10so that at the name of Jesus every knee should bend,
 in heaven and on earth and under the earth,
 11and every tongue should confess that Jesus Christ is Lord,
 to the glory of God the Father.

LEM:               The Word of the Lord.

Celebrant:       Thanks be to God.

 

Gradual Hymn:  Ride on! ride on in majesty!              The Hymnal 1982, # 156

Ride on! ride on in majesty! Hark! all the tribes hosanna cry;

thy humble beast pursues his road with palms and scattered garments strowed.

 

Ride on! ride on in majesty! In lowly pomp ride on to die;

O Christ, thy triumphs now begin o’er captive death and conquered sin.

 

Ride on! Ride on in majesty! The angel armies of the sky

look down with sad and wondering eyes to see th’approaching sacrifice.

 

Ride on! Ride on in majesty! Thy last and fiercest strife is nigh;

The Father on his sapphire throne expects his own anointed Son.

 

Ride on! Ride on in majesty! In lowly pomp ride on to die:

bow thy meek head to mortal pain, then tak, O God, thy power, and reign

 

The Sermon[2]: You Will Find Tied There a Colt

(The printed sermon text may differ from the spoken sermon) 

Se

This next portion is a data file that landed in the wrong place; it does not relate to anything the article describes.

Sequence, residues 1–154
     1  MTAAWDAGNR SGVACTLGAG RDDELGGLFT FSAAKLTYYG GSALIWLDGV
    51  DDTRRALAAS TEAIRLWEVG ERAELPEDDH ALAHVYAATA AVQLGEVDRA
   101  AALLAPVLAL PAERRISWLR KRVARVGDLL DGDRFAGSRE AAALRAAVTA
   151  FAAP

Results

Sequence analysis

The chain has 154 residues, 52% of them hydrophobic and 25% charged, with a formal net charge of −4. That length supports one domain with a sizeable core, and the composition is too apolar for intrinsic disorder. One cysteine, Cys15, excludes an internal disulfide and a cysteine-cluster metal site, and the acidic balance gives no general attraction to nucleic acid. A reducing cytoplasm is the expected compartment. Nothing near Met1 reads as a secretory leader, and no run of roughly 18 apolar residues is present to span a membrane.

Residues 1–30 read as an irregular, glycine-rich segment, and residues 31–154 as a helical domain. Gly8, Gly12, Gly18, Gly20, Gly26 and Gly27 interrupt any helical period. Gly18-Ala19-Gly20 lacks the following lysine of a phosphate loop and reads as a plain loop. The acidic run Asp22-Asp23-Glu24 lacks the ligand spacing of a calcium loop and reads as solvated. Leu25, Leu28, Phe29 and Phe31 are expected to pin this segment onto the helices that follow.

I have never quite known what to make of donkeys. They always seem to me like the first run of something, a coyote to the stronger, more disciplined wolf, or a cheetah to the stronger, more successful lion. There’s just no way to dress one up to make it look as good as a horse, though beauty in things equine is oft in the eye of the beholder, and many a jenny has found her jack to be plenty ready to help her foal. Those in the know tell me that donkeys are the stronger and hardier of the two, the more sure-footed, and the more affectionate. They can learn as well as can dolphins and dogs, and form strong and lasting friendships. They are less likely than horses to collapse under pressure, for much the same reason that they are the more stubborn: they need to know why they should do something, as well as how to do it. Once they’re convinced, they won’t forget. Their memories can stretch back more than a quarter of a century.